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Intro to Trees of Indiana: Boxelder

The classic and trusted book "Fifty Common Trees of Indiana" by T.E. Shaw was published in 1956 as a user-friendly guide to local species.  Nearly 70 years later, the publication has been updated through a joint effort by the Purdue Department of Forestry and Natural Resources, Indiana 4-H, and the Indiana Department of Natural Resources, and reintroduced as "An Introduction to Trees of Indiana."

The full publication is available for download for $7 in the Purdue Extension Education Store. The field guide helps identify common Indiana woodlot trees. 

Each week, the Intro to Trees of Indiana web series will offer a sneak peek at one species from the book, paired with an ID That Tree video from Purdue Extension forester Lenny Farlee to help visualize each species as it stands in the woods. Threats to species health as well as also insight into the wood provided by the species, will be provided through additional resources as well as the Hardwoods of the Central Midwest exhibit of the Purdue Arboretum, if available. 

Boxelder leaf line drawingThis week, we introduce Boxelder or Acer negundo.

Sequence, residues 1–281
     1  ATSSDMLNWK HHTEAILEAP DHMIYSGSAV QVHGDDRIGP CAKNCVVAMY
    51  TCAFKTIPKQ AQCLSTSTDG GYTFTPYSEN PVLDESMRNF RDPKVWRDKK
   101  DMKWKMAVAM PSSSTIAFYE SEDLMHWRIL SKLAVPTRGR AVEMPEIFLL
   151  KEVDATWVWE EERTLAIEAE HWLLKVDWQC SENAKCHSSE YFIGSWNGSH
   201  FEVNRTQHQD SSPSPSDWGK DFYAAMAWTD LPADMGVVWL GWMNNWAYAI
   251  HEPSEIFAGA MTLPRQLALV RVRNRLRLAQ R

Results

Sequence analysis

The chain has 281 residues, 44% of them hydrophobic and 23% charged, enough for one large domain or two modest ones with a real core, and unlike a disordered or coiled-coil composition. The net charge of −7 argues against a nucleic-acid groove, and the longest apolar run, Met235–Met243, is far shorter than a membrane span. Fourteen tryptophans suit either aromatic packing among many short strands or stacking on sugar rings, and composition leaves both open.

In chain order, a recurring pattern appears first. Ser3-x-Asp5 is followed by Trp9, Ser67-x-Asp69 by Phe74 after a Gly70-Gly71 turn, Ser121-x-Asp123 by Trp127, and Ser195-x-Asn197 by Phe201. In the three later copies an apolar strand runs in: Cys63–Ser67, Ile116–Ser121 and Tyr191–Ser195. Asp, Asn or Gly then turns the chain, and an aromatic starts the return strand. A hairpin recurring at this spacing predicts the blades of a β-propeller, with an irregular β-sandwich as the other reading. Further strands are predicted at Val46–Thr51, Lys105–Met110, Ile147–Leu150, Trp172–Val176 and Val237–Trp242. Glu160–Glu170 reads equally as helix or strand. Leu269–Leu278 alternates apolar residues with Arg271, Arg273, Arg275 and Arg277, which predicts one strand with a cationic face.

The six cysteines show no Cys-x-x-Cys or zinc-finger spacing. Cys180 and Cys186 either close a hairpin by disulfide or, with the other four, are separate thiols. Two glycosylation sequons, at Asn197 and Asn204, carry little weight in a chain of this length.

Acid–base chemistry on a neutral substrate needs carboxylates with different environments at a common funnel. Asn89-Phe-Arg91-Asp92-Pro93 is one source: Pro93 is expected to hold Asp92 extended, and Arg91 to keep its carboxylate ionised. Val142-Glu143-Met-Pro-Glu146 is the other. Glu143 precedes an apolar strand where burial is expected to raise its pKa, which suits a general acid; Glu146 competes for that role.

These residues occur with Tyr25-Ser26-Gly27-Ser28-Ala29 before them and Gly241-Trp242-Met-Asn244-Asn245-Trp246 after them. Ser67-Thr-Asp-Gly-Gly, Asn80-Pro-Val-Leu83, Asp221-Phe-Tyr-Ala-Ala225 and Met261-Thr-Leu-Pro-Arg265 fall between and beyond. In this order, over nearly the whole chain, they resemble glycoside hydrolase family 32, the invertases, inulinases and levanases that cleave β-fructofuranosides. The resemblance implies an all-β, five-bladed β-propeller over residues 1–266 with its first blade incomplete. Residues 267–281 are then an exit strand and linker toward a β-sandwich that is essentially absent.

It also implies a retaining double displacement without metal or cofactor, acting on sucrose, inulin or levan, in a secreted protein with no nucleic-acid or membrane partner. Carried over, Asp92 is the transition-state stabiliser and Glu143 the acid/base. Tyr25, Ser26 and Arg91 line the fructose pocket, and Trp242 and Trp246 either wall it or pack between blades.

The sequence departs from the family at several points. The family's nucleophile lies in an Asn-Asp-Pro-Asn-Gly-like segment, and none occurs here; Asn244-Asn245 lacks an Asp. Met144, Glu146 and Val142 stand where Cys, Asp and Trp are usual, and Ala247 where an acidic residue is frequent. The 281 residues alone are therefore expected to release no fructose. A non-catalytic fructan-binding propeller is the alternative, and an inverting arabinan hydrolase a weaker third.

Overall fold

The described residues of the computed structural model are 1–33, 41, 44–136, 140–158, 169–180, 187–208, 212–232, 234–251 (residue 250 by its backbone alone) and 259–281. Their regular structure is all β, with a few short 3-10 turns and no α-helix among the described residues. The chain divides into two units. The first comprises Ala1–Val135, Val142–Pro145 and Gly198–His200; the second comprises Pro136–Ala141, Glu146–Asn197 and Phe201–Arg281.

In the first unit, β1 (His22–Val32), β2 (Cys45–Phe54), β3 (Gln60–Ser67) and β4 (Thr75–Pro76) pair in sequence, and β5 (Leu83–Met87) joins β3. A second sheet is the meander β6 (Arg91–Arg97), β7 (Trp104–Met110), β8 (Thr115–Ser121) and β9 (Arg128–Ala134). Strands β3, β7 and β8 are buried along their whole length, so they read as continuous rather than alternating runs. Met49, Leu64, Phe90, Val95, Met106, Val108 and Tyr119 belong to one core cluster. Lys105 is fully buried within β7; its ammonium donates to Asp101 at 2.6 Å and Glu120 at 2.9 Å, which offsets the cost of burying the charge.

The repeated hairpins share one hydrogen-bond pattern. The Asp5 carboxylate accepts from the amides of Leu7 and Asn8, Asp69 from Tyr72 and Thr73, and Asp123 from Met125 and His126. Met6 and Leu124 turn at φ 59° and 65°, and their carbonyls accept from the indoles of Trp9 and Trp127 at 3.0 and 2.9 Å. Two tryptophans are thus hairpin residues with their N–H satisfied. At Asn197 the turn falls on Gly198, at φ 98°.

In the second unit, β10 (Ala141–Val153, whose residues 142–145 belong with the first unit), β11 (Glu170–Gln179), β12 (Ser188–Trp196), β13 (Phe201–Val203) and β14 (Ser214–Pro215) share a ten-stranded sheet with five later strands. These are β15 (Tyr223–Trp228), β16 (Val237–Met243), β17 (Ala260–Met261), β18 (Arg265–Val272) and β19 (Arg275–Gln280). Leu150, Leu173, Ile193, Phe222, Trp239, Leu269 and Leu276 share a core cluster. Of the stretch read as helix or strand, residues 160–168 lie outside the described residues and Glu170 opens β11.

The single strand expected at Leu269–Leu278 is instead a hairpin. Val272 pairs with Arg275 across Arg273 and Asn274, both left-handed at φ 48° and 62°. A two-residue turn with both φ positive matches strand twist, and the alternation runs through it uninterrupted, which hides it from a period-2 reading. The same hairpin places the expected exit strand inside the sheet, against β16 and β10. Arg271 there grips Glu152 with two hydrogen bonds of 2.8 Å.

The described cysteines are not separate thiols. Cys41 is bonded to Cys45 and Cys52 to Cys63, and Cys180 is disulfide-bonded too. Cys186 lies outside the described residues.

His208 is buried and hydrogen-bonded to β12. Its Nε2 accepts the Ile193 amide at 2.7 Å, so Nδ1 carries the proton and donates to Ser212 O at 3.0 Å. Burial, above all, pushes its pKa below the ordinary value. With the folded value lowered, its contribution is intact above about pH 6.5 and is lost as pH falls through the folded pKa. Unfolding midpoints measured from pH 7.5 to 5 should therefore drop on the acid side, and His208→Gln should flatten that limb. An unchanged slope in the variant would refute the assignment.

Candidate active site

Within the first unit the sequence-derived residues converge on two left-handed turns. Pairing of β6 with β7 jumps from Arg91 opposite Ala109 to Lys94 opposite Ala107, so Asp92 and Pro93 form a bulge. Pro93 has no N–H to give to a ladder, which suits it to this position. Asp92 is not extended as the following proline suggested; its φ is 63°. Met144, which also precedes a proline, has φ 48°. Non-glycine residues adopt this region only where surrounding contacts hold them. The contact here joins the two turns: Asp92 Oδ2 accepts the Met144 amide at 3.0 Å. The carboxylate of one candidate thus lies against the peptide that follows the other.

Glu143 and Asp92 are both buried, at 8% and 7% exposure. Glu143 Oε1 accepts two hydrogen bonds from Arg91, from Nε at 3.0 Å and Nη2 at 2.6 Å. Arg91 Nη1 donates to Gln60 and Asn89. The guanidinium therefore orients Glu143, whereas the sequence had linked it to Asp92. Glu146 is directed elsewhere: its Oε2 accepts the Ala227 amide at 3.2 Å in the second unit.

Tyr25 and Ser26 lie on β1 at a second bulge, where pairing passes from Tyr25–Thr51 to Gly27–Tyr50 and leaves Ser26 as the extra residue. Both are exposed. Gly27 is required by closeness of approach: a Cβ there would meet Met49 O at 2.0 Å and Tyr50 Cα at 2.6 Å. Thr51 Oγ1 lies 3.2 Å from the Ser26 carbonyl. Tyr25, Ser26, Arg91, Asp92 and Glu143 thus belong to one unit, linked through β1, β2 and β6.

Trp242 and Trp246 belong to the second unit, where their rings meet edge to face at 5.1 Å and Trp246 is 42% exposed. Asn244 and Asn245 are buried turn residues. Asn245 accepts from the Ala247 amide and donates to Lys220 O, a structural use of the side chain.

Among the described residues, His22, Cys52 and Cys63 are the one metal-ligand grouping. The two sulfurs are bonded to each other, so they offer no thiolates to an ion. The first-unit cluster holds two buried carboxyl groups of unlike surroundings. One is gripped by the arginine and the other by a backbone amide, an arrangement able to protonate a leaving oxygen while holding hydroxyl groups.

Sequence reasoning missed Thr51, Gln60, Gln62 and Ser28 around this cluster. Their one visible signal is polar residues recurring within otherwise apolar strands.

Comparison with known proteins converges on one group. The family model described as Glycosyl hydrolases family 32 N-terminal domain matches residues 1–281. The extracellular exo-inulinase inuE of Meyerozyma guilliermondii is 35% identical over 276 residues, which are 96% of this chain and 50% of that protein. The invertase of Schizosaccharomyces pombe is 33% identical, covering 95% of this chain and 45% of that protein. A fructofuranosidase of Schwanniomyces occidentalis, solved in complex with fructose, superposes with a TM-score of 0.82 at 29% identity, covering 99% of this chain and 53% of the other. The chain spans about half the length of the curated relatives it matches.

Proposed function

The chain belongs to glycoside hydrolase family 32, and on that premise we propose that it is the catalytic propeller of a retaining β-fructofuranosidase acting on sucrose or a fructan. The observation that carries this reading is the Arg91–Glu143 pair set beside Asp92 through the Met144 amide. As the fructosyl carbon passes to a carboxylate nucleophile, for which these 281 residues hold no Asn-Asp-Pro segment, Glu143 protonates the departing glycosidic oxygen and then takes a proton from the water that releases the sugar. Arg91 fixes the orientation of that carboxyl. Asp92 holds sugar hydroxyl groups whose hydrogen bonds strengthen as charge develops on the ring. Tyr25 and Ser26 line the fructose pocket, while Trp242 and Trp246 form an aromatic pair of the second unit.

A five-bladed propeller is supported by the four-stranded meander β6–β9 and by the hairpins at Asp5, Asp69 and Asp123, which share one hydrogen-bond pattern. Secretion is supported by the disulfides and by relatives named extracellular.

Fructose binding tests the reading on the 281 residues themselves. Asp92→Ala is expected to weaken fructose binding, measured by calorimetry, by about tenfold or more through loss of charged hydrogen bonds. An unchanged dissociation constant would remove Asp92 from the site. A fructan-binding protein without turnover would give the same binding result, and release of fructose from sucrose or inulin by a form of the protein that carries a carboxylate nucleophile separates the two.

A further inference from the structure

This member of the maple family has opposite leaf arrangement, but is the only maple that features compound leaves, often with three to five leaflets. The shape of the leaflets is extremely variable, but all held on green twigs, unlike any other native Indiana maples. Boxelder bark is a medium gray color with long flat ridges running up and down the trunk.

Line drawing of boxelder winged seedsThe leaves of boxelder are often confused with poison ivy, however poison ivy features alternate leaf arrangement.

Boxelder flowers feature long strands of green or yellow green that hold the pollen. The fruit produced are paired winged seeds, which are often seen floating across the landscape.

Boxelder is frequently found growing in wet locations, such as bottomlands and forested sites near streams. They can help stabilize stream banks. Boxelder provides important habitat for many wildlife species and its seeds offer food for birds, squirrels and deer.

According to the U.S. Forest Service database, boxelder is not a desired timber species because its wood is light, soft, close grained and low in strength. The wood is occasionally used for cheap furniture and woodenware. It was once used for posts, fencing and fuel, but the soft, spongy wood generally makes poor firewood.

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